COVID-19 has affected many activities and businesses in SW Idaho. Be sure to confirm hours and availability before your visit.
We’re spilling a few secrets on things to do in Boise to act like (or at least look like) a native.
- Paella on the Patio.
Paella on the patio every Wednesday & Friday at noon.
The Basque Block is super-cool, and many Boise natives descend from this special region – even the Mayor! But every Boisean delights in lunchtime paella on The Basque Market’s patio. It happens every Wednesday and Friday at noon – but you better plan to get there by 12:15 or it will be sold out!
- Hike Table Rock.
Table Rock Trail is a hike with an awesome view just waiting for you.
A lot of locals do this every week – it’s a tradition of sorts, and when you get to the top you will see why. The most popular route climbs steeply from the Old Penitentiary parking lot to the top. It’s an old road, so it’s quite wide for the majority of its length – just keep looking up! When you get to the top, take in the stunning views of the rolling foothills and cityscapes below.
- Play under the stars.
Shakespeare Festival at the outdoor amphitheater
Any evening at the Idaho Shakespeare Festival is simply unforgettable. The stories. The intimate, river-front setting. The homegrown and nationally-regarded talent. All of it. Not a fan of the Bard? No worries, only two of the company’s five seasonal productions are the work of Shakespeare. To get the full local experience, grab a bottle of Idaho wine or beer, a picnic-style meal, and show up early for the Green Show.
- Bleed Blue & Orange (if only for a day).
Celebrating at BSU’s Albertsons Stadium
Heard of the “Smurf Turf”? It’s best seen in person. If you find yourself in Boise on a Boise State University home game day, you must attend – it is an experience unto itself.
- Progressive Dinner down 8th Street.
Dessert at Fork on 8th Street
Taking a walk down 8th Street in downtown Boise gives you a real sense of the up-and-coming culinary scene. Do a progressive dinner down the block and be sure to hit some of our favorites: Fork, Alavita, Juniper and Red Feather. All of these establishments have a fierce loyalty to showcasing local products – you can’t go wrong! If you’re feeling like a nightcap afterwards, head around the corner to the Coiled Wine Bar for a sip of some of Idaho’s finest.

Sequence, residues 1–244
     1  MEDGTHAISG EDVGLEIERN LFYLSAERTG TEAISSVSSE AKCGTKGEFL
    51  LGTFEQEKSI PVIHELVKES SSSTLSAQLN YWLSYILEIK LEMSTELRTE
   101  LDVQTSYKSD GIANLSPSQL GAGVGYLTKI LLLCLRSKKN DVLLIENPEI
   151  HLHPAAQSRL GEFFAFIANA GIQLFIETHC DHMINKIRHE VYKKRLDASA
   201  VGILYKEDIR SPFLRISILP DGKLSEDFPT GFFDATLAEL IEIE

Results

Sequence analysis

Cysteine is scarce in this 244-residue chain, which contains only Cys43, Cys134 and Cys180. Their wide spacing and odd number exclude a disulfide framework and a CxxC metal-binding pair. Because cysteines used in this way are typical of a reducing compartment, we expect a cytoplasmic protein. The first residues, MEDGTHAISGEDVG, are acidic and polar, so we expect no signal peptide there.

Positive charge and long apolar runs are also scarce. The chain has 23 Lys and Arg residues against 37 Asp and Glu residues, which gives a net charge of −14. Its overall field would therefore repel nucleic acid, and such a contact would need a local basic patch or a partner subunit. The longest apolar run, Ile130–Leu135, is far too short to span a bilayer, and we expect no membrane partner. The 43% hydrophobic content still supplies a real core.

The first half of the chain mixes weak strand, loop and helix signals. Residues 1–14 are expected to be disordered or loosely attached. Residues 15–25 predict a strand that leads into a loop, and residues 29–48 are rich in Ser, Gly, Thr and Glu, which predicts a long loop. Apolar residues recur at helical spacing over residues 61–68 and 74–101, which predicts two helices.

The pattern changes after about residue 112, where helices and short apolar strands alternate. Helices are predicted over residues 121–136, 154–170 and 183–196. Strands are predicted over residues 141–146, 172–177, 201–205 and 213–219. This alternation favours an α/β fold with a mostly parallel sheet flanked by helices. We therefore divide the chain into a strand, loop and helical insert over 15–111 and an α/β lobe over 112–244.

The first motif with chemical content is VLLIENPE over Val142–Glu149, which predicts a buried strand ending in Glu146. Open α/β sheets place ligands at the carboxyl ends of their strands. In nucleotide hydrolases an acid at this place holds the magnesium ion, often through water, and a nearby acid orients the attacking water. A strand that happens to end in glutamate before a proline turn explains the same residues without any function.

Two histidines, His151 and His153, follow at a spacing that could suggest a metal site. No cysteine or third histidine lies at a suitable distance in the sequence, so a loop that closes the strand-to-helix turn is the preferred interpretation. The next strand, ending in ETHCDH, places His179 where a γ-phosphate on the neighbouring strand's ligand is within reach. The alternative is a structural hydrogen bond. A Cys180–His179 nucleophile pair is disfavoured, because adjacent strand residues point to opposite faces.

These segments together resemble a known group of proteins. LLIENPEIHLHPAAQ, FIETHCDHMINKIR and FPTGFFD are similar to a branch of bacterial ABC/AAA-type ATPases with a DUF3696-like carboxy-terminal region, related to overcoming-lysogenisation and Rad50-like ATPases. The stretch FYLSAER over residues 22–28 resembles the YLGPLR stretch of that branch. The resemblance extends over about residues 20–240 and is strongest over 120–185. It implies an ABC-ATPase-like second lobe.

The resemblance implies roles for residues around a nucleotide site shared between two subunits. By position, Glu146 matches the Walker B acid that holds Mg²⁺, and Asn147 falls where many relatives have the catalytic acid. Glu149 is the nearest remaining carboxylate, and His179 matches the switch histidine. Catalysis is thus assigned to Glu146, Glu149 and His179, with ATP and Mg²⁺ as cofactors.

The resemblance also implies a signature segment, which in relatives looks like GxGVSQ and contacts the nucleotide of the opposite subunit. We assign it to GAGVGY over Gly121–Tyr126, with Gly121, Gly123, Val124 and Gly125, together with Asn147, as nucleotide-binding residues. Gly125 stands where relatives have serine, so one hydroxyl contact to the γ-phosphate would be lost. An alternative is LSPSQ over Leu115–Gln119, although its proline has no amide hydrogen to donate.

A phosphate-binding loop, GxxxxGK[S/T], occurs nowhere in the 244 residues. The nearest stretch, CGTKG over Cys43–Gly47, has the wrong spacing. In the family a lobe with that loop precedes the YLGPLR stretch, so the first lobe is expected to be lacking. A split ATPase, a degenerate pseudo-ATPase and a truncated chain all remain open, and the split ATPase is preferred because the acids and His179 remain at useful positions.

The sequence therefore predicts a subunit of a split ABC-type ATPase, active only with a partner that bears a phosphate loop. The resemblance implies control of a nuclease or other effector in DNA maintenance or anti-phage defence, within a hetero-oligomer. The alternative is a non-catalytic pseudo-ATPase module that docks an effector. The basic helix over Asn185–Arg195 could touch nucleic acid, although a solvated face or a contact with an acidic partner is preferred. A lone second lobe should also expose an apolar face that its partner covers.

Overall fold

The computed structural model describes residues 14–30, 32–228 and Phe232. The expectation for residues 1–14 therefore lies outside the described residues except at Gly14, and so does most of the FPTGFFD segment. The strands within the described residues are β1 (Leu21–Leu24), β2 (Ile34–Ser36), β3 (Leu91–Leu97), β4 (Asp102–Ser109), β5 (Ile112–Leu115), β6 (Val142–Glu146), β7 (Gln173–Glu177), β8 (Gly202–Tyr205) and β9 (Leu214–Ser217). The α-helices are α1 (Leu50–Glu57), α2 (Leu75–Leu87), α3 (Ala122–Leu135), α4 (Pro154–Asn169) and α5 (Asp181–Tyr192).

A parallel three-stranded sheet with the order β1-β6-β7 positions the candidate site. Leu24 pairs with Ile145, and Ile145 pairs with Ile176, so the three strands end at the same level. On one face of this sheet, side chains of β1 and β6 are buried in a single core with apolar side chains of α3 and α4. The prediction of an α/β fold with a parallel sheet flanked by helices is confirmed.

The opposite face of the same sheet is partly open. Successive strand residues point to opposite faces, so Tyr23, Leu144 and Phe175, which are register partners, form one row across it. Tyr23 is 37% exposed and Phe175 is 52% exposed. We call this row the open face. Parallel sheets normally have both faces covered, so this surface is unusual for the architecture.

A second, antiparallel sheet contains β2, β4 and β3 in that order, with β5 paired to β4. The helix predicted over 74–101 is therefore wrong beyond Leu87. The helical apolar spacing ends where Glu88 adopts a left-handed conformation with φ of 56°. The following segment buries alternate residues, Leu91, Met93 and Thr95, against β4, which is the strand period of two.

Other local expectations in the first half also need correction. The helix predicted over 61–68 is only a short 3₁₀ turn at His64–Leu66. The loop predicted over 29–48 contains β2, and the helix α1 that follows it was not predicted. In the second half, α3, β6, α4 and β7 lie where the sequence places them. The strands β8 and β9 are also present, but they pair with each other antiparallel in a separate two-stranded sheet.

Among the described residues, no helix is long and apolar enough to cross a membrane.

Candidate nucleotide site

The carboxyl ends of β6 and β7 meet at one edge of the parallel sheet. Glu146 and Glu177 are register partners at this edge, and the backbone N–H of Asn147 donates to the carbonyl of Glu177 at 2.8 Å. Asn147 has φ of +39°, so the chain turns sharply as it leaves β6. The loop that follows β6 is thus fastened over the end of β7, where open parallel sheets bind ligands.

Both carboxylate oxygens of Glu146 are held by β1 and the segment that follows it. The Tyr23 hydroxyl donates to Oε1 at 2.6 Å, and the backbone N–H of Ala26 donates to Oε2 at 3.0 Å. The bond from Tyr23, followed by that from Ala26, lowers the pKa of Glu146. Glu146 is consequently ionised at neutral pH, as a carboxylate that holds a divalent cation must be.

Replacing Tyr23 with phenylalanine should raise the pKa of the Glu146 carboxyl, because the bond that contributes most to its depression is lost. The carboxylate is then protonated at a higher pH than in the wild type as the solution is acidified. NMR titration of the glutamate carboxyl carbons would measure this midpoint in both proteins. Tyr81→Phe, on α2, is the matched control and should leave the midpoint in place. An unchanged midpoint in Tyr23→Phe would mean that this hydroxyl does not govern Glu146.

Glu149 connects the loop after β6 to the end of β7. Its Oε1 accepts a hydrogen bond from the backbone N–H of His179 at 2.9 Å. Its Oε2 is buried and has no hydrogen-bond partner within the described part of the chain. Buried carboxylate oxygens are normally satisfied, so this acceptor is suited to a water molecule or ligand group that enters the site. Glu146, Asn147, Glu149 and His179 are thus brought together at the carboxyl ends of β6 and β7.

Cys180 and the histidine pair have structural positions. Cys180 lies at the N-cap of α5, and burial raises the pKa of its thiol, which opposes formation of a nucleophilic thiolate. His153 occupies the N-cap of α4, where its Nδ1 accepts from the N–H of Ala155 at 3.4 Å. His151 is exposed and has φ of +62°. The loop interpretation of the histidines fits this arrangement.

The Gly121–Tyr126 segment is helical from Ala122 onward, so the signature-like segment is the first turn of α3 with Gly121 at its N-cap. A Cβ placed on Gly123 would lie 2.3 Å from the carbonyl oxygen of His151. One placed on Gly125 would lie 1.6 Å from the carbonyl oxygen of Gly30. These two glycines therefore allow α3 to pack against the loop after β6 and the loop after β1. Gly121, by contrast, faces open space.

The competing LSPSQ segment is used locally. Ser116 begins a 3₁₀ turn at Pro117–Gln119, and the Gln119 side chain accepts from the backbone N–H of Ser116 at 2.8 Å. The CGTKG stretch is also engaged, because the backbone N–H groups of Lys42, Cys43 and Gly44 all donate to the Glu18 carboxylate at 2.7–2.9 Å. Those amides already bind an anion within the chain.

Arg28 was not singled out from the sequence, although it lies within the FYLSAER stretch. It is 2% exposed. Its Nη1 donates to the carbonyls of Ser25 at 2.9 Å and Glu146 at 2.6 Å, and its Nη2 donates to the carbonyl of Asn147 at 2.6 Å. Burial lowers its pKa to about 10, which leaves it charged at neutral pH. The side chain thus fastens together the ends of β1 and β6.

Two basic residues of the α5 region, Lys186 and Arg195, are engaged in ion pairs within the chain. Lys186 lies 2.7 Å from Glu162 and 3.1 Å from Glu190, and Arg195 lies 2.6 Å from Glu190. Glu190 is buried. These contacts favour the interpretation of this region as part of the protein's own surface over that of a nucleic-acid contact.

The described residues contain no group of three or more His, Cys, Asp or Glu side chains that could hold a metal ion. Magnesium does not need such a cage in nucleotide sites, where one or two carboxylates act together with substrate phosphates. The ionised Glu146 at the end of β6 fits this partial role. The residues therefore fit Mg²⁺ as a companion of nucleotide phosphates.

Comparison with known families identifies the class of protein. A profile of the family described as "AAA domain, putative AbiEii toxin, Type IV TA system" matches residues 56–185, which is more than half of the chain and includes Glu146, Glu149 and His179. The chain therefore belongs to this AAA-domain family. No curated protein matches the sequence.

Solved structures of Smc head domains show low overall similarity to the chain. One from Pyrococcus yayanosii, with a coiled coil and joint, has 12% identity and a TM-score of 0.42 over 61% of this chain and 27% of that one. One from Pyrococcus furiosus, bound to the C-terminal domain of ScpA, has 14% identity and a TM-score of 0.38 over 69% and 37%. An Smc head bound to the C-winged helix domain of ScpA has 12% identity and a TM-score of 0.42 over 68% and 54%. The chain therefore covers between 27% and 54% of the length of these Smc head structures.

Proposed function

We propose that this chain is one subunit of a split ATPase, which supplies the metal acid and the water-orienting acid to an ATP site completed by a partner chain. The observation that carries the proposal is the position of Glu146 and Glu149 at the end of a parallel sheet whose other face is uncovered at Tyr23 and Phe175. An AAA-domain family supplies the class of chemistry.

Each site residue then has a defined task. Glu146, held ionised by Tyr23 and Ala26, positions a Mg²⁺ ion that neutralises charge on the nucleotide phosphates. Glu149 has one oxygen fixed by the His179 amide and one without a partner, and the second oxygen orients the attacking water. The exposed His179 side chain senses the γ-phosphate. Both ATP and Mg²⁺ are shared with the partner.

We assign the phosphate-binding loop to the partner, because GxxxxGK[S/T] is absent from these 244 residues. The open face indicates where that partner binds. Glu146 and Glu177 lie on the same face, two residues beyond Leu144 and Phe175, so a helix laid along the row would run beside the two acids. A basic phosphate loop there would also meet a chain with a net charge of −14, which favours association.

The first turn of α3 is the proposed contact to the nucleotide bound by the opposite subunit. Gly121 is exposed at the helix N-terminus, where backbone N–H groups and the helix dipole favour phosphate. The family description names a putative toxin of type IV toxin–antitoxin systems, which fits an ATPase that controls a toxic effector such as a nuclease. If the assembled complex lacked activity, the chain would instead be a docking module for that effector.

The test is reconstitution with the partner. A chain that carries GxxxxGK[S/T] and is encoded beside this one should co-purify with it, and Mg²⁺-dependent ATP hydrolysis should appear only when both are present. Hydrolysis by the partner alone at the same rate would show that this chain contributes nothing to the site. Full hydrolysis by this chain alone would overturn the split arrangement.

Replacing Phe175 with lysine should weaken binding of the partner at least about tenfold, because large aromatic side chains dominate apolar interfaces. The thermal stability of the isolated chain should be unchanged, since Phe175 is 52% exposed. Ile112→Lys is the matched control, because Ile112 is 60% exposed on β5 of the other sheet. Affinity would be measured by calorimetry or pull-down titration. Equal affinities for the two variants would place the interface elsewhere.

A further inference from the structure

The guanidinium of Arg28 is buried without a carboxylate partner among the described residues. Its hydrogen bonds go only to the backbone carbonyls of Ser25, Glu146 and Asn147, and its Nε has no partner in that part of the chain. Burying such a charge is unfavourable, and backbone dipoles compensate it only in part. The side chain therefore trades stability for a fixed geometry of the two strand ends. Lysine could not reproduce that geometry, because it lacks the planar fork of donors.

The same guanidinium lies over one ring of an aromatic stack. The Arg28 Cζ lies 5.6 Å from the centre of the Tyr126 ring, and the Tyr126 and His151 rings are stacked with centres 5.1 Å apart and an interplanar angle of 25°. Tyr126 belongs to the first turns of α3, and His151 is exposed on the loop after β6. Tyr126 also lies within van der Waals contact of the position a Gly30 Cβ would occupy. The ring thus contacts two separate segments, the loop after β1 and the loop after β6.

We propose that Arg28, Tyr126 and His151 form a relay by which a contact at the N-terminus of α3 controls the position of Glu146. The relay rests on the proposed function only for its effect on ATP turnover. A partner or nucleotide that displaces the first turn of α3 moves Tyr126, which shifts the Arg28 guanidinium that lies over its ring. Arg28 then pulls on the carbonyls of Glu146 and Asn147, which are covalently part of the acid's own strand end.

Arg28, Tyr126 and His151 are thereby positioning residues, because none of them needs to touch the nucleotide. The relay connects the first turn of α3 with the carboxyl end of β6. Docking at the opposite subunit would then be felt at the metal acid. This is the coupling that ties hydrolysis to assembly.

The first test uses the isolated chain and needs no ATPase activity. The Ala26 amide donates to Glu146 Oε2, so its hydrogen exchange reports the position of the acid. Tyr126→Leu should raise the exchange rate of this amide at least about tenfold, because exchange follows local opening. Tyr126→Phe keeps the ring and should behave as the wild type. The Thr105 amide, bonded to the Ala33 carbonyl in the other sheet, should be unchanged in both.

- Attend an event at the Idaho Botanical Garden.
Whether it’s regularly scheduled events like Winter Garden aGlow or summer’s Great Garden Escape (or the Outlaw Field Summer Concert Series with big national acts), Boiseans can’t get enough of this beautiful family-friendly garden space.
- Wine & Bike along the Boise Greenbelt.
Telaya winery on the Boise Greenbelt
This 25-mile tree-lined pathway is a mecca for locals. It goes right through the heart of the city and provides scenic views, wildlife habitat and pedestrian access to many of the popular riverside parks. Bring your bikes down to the Greenbelt (or rent from Boise GreenBike), and cruise along the path, stopping at multiple Idaho wineries along the way. Telaya, Coiled, Cinder and Split Rail are just a few located off the pathway. Cheers!
- Get in the water!
Photo courtesy of Boise Convention & Visitors Bureau
Boiseans may not live next to the ocean, but they sure know how to get wet! In addition to the always-popular fun of floating the Boise River, locals also love to SUP (stand-up paddleboard) on Quinn’s Pond, and hit the Boise Whitewater Park. Join in!
- Drink Boise beer.
You can find the Payette Brewing Company right off the Boise Greenbelt.
Craft breweries abound in Boise, and many are located right in the downtown core (read: easy to get from one to another). Payette Brewing has a fantastic indoor/outdoor vibe, as does Boise Brewing. Barbarian Brewing has a cool 21-and-over taproom, while Lost Grove Brewing is located on a hip industrial block by the university. You can’t go wrong with sampling some Boise-born brews!
- Ski at Bogus… but at night.
Bogus Basin Mountain Recreation Area, located 16 miles north of Boise, is pretty fantastic Idaho skiing during daylight hours. Mother Nature blankets the slopes with 150″-200″ of natural snow, and the result is 2,600 acres of skiable, snowboard-able terrain with seven lifts and 53 named runs. But if you really want to explore like a local, head up later in the day. Their night skiing terrain (165 groomed acres) is more than any other ski area in the Northwest! Plus the view of the city from the top makes it all worthwhile.
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Wherever you go in Boise, be sure to ask locals for their favorite hidden spots and must-do items. Everyone has different things to share!